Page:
Prime central London rental market in recovery mode

Taylor Scott International News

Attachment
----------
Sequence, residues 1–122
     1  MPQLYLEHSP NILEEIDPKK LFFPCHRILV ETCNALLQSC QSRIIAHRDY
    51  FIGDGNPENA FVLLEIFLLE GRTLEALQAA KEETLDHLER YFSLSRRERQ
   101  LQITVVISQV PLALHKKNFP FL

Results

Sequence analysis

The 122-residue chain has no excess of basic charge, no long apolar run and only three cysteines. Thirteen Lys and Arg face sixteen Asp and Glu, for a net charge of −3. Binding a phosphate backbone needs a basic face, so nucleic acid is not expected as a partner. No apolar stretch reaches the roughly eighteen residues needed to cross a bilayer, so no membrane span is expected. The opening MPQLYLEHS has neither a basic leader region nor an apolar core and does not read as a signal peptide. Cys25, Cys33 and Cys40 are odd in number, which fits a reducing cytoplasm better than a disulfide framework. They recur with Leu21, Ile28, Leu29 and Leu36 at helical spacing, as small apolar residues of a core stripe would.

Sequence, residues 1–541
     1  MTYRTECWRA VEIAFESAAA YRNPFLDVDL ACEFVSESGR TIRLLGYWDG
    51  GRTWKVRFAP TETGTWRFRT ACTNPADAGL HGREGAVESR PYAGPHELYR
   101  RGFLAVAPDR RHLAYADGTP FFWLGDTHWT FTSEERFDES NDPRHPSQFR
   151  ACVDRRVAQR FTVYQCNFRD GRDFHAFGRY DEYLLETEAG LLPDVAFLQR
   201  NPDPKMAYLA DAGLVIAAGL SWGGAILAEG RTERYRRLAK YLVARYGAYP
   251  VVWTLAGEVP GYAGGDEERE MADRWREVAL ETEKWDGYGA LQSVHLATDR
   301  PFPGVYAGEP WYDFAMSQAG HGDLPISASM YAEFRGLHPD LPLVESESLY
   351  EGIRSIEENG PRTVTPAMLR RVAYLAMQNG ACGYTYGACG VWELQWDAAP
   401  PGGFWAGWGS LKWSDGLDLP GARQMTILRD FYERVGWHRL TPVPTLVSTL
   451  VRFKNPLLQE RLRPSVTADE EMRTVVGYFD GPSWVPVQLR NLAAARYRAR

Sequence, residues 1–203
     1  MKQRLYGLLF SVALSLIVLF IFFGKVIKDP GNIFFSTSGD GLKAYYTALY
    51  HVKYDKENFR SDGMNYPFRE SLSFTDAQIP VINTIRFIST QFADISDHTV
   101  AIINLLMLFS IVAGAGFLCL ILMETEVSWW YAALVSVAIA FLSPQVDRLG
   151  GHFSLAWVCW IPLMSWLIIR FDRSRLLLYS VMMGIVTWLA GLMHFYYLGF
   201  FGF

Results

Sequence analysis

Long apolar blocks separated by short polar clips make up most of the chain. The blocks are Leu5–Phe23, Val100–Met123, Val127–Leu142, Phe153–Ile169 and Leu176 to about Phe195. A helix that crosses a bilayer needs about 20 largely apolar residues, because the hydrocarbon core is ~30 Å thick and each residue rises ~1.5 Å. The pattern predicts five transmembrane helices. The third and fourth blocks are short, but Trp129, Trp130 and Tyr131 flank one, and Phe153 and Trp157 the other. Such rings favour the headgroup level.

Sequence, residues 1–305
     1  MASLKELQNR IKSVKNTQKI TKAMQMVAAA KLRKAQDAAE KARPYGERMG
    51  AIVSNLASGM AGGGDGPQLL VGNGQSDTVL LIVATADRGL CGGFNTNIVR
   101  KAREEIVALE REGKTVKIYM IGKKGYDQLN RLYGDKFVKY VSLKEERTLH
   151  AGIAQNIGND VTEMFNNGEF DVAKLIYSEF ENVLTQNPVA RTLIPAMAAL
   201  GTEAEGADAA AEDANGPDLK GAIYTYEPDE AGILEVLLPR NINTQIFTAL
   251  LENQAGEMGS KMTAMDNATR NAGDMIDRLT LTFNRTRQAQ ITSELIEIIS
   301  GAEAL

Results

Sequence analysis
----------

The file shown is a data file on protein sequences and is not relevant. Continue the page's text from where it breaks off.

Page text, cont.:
The prime central London rental market continued its recovery in August as uncertainty surrounding next May’s general election turned more prospective buyers into tenants, a new report suggests. It is not happening to any significant degree but a growing number of buyers are adopting a wait and see approach regarding the next 12 months as growth slows in the sales market, says the report from international real estate firm Knight Frank. For the same reason, sellers are increasingly exploring the possibility of becoming landlords in the short term, the report explains. ‘Price growth is slowing due to uncertainty surrounding the outcome of the general election and the possibility of tax changes in relation to high value residential property. The likelihood of an interest rate rise before the election is adding to the mood of uncertainty,’ said Tom Bill, head London residential research at Knight Frank. He added that by the end of a 12 month tenancy signed in August 2014, landlords and tenants will have a clearer outlook, three months after the general election and in a relatively normalised interest rate environment and the trend contributed towards more milestones being passed in the prime central London rental market in August. Rental values rose for the sixth consecutive month, which was the longest run of growth in three years. A rise of 0.5% in August pushed the index to its highest level since November 2012 and meant annual growth was 1.2%, the highest rate in more than two years. In addition, rental yields increased for the second consecutive month to 2.82%, the first time that has happened since the middle of 2011. Bill explained that there is also a more fundamental change taking place in the London market that is likely to underpin rental values in future. ‘A lower degree of stability in the labour market since the financial crash and the emergence of London as Europe’s dominant centre for technology businesses have created a more footloose workforce,’ he said. The report also shows that the percentage of telecoms, media and technology workers using Knight Frank Corporate Services in the year to April 2014 was 11%, ahead of oil and gas at 6% and retail also at 6%, and third only behind finance at 29% and law at 13%. Continue reading →

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